In verse 7, Paul commands us to accept one another just as Christ accepted us. Once again the Lord Jesus is held up as an example for us to follow. So, think of all that is objectionable in us; think of all our sins and shortcomings; think of all the things about us which offend the Lord. And yet, he was prepared to accept us and to welcome us into his people. And so, in the same way, the weak and the strong ought to welcome one another. And by doing so, it will bring praise to God, because with one voice we’ll unite together to worship the Lord our God.
Well now, in verses 8 to 13, Paul moves from discussing the relationship of the weak and the strong to discussing the relationship of Jews and Gentiles. And once again, he refers to the example of Christ, because the Lord Jesus became a servant to the Jews. Do you see that in verse 8? Instead of living to please himself, he came into the world to serve the Jews and to bring them salvation in accordance with God’s promises to the patriarchs. But his coming into the world also meant mercy for the Gentiles. Do you see that in verse 9?
So, there’s God’s faithfulness to the Jews; and there’s God’s mercy to the Gentiles; and the result is that God’s name is praised among the Jews and the Gentiles throughout the world. And all of this was foretold in the pages of the Old Testament. That’s what the four Old Testament quotations which follow demonstrate. So, there’s verse 9 where the Psalmist declares that he will praise God among the Gentiles. In verse 10, the Gentiles are commanded to praise God with his people, the Jews. In verse 11, all the Gentiles are summoned to praise the Lord. And in verse 12, Isaiah spoke of Jesus Christ, the Root of Jesse, ruling over the Gentile nations, who are trusting in him. All four quotations together show how the Lord foretold that the Jews and the Gentiles would come together in order to worship the Lord. And how did this come about? By the Lord Jesus’s willingness to become a servant to the Jews.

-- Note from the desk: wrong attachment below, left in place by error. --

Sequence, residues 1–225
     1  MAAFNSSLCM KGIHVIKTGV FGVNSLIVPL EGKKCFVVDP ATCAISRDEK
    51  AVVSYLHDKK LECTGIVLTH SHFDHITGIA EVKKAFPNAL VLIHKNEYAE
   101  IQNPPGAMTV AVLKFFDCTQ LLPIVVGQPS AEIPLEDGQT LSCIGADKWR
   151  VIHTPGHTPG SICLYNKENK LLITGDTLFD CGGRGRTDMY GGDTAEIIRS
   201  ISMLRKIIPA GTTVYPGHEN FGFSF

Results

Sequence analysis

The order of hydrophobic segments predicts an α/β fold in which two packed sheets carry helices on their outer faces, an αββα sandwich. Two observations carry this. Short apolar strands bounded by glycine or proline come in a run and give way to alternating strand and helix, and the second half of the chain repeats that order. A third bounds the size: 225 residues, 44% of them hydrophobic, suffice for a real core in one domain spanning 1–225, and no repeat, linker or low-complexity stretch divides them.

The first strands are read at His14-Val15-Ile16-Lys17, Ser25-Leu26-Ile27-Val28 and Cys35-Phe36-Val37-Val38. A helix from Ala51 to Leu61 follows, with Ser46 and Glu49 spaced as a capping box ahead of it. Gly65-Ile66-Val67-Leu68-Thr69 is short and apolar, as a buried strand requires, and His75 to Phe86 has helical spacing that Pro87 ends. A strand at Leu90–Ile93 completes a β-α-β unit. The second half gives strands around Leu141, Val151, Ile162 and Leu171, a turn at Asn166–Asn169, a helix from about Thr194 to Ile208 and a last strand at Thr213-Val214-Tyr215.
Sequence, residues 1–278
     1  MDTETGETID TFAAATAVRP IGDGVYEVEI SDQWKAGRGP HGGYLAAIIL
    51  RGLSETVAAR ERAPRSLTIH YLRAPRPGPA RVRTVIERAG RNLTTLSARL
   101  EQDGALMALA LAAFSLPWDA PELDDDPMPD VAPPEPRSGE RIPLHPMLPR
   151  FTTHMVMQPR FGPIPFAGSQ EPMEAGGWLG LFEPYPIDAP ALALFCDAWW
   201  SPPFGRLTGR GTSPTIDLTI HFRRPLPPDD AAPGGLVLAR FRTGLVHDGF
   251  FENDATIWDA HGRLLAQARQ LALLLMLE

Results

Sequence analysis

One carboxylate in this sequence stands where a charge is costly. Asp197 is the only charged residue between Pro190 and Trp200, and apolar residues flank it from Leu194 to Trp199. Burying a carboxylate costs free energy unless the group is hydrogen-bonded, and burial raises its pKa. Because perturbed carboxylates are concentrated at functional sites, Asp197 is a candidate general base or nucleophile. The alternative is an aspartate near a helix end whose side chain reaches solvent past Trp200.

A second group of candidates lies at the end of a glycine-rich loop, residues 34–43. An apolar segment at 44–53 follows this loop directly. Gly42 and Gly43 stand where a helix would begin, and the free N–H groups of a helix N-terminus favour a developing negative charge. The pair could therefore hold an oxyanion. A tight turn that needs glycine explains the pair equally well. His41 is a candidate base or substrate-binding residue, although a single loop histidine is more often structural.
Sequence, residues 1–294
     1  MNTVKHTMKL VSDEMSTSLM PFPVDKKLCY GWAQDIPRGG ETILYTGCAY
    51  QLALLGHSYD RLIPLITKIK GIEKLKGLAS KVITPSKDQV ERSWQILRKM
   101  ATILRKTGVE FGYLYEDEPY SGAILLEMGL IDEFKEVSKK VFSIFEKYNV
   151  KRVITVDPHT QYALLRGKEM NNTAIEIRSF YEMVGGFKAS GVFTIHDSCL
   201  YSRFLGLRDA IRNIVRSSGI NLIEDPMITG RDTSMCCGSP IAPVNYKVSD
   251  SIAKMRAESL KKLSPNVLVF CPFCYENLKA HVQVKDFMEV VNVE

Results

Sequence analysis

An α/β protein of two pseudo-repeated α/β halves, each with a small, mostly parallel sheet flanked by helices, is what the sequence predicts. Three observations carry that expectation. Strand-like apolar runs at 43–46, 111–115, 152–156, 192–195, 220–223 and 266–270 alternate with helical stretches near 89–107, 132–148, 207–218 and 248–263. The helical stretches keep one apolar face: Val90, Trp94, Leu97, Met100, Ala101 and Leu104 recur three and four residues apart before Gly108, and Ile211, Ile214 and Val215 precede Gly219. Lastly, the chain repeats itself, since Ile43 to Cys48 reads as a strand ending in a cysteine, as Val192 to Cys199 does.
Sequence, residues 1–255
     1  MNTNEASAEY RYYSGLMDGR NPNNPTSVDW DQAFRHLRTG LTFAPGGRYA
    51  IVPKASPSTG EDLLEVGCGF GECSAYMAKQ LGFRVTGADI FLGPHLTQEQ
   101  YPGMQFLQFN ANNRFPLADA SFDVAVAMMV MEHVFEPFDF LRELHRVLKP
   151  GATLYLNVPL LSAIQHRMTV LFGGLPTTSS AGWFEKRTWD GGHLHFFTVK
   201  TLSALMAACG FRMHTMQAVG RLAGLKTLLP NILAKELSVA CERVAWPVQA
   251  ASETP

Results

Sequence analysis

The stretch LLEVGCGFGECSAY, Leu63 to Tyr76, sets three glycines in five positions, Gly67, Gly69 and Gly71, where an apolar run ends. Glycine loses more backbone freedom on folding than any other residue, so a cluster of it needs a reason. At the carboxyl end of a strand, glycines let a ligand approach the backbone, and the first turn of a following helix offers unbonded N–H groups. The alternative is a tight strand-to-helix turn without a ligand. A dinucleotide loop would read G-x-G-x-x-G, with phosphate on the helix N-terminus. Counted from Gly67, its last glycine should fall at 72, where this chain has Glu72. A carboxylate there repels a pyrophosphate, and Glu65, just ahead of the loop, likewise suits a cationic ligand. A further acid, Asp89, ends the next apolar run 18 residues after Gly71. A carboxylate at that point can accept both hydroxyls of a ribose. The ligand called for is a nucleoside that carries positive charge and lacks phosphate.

Now what’s Paul’s point here? What’s he getting at? Well, in Rome the church was divided between the weak and the strong. They were at odds with one another. So, how can we bring these two sides together? What needs to happen so that the weak and the strong will be united in heart and voice to praise the Lord? Well, says Paul, each of you needs to follow the example of the Lord Jesus; each of you must become a servant who will not live to please himself or herself, but who will live to please your neighbour for their good. And when we learn to do that, then the different sides will come together to praise the Lord with one voice.
And so, Paul finishes with another prayer-wish where he prays that God will fill them with joy, not strife, and with peace, not division, so that they might overflow with hope by the power of the Holy Spirit.
And isn’t that what we want for all our churches? Not strife, but joy. Not division, but peace. Not hopelessness, but hope, as we look forward to the coming of the Lord. And in the meantime, we praise his name together.